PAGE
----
Not all the old stories about the USC-Notre Dame football game involve touchdown passes or last-second field goals. As the Trojans and Fighting Irish prepared to renew their rivalry today, former players offered memories of a more personal nature -- some touching, some funny, others embarrassing -- in interviews with Times staff writer David Wharton.
Paul McDonald made his first trip to Notre Dame Stadium as a backup USC quarterback in 1977. That year, the Irish warmed up in traditional blue and gold, then came back for the kickoff in green jerseys.
“The crowd went crazy,” McDonald recalled. “It was almost like a carnival.”
But that wasn’t the end of the pregame surprises. Students in togas pulled a giant, crudely built Trojan horse onto the field.
“These little leprechauns were coming out of the horse,” McDonald said. “It was the most bizarre thing I’ve ever seen.”
Notre Dame rode the emotion of the day to a 49-19 upset of fifth-ranked USC. As time ran out, McDonald replaced starter Rob Hertel, taking the last snap of the game.
“The crowd emptied onto the field,” he said. “I just remember holding [guard] Brad Budde’s jersey as he weaved through the crowd, following him all the way to the locker room.”
Notre Dame defensive lineman Mike Golic had a more pleasant experience in his first trip to the Coliseum in 1982, even though the Irish lost to USC, 17-13.
Golic recalled hearing strains of “Conquest” during warmups. Like many players, Golic says he never paid attention to anything beyond the field, especially in rival stadiums. This time, he looked up.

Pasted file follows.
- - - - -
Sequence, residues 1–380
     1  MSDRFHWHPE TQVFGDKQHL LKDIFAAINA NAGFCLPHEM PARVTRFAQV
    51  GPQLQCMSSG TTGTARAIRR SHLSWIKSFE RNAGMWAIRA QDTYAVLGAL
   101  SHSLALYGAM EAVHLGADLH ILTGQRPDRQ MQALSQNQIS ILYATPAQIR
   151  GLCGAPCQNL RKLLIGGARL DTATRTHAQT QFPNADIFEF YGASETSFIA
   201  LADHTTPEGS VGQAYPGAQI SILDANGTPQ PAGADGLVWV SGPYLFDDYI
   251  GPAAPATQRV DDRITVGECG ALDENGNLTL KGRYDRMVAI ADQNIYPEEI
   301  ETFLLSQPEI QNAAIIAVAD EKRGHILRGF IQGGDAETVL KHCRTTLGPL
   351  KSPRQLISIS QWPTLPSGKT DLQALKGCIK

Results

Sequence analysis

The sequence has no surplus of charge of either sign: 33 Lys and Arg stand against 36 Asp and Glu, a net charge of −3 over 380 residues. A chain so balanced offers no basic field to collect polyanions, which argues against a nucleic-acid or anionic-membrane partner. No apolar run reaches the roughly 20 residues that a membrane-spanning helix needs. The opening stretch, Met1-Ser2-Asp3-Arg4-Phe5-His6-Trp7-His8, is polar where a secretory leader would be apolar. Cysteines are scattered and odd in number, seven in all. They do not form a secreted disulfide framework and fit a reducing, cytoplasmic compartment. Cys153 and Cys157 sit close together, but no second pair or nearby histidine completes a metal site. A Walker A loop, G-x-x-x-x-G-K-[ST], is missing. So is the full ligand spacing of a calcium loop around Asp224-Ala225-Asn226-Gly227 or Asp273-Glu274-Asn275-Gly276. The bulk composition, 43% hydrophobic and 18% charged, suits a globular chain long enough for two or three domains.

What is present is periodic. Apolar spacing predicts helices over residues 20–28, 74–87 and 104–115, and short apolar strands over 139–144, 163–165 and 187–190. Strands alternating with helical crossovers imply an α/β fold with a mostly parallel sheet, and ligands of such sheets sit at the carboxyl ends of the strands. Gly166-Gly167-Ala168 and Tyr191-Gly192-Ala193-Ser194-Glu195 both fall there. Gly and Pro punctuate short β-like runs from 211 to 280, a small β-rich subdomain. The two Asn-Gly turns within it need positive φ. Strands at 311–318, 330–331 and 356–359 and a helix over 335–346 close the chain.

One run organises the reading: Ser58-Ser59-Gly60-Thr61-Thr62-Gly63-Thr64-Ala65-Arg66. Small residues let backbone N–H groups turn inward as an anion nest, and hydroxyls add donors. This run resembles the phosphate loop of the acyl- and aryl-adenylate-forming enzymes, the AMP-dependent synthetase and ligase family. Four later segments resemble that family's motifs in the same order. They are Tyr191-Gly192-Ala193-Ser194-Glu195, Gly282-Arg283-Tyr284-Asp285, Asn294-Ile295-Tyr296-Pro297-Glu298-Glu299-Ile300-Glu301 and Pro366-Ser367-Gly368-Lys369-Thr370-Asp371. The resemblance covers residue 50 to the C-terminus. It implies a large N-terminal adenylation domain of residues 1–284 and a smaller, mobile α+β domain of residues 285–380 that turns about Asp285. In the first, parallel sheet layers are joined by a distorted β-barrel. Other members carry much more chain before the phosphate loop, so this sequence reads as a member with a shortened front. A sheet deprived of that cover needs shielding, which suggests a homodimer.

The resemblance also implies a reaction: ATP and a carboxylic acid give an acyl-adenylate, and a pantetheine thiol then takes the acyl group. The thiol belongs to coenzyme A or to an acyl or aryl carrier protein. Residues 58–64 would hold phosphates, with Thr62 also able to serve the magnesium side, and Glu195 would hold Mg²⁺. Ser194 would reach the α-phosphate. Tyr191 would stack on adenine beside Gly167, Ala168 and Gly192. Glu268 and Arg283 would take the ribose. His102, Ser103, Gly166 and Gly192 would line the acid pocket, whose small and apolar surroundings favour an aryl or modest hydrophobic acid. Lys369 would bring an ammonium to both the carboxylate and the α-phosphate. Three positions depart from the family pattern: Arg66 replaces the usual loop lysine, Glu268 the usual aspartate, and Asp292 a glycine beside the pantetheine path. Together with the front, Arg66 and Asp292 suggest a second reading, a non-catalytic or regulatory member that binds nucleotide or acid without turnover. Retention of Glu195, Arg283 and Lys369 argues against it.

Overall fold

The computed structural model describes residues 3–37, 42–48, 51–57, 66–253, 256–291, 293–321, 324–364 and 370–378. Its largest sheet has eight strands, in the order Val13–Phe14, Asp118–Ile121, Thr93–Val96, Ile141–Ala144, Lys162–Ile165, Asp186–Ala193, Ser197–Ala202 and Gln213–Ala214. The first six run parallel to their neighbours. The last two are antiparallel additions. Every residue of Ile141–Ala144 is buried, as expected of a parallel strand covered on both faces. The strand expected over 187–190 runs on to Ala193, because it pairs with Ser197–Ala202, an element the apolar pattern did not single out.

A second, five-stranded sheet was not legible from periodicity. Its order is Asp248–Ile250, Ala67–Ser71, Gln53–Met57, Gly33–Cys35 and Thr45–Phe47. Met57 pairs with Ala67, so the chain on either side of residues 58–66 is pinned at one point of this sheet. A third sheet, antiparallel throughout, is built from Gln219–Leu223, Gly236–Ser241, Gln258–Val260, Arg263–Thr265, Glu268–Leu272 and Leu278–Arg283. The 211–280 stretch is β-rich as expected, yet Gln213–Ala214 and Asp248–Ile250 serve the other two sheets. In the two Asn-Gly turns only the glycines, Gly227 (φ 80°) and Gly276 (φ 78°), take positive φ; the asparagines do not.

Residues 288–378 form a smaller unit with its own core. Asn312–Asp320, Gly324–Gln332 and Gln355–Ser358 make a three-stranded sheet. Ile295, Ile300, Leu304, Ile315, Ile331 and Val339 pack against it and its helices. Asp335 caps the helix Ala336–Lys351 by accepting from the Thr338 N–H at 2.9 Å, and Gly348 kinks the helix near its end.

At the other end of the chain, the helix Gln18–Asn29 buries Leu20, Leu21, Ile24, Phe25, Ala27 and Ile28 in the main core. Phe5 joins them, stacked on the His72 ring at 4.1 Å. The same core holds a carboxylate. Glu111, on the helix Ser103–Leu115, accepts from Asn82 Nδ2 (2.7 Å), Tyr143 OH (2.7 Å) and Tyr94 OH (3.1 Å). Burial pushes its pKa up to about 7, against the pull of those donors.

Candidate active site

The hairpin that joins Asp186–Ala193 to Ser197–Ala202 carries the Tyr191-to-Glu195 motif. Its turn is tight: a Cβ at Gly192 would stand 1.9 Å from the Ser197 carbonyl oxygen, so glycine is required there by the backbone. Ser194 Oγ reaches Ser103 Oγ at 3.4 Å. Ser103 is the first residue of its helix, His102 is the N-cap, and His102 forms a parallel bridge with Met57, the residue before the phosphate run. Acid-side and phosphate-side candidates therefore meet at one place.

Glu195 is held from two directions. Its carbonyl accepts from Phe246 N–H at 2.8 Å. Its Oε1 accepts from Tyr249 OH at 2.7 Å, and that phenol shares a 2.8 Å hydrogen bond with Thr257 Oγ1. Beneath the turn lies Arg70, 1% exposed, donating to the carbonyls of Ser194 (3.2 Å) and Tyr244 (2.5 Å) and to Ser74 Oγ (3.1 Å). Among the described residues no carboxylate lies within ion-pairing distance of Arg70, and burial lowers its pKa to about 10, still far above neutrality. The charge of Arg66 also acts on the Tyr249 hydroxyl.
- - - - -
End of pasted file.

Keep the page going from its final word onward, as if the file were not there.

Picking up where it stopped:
“You see the band come marching down those steps,” he said, referring to the stadium’s peristyle end. “I actually thought to myself, ‘This is pretty cool.’ ”
The sophomore stopped and watched.
“I never did that any other time,” he said. “It made me think how big the rivalry was.”
For Anthony Munoz, the USC-Notre Dame rivalry evokes memories of not playing.
Before his Hall of Fame career in the NFL, Munoz was an injury-plagued offensive tackle for the Trojans, spending much of his college career on the sideline. He was sound for only one game against the Irish -- his sophomore season in 1977.
“Of course it was the only time we lost,” he said.
His freshman and junior seasons were marred by torn ligaments in his right knee. Most of his senior season was spent rehabilitating an injured left knee.
“Just sitting at home, wishing I was in it,” he recalled of watching the annual game. “It was agonizing. That’s why I went to USC, to get the chance to play against Notre Dame.”
Go beyond the scoreboard
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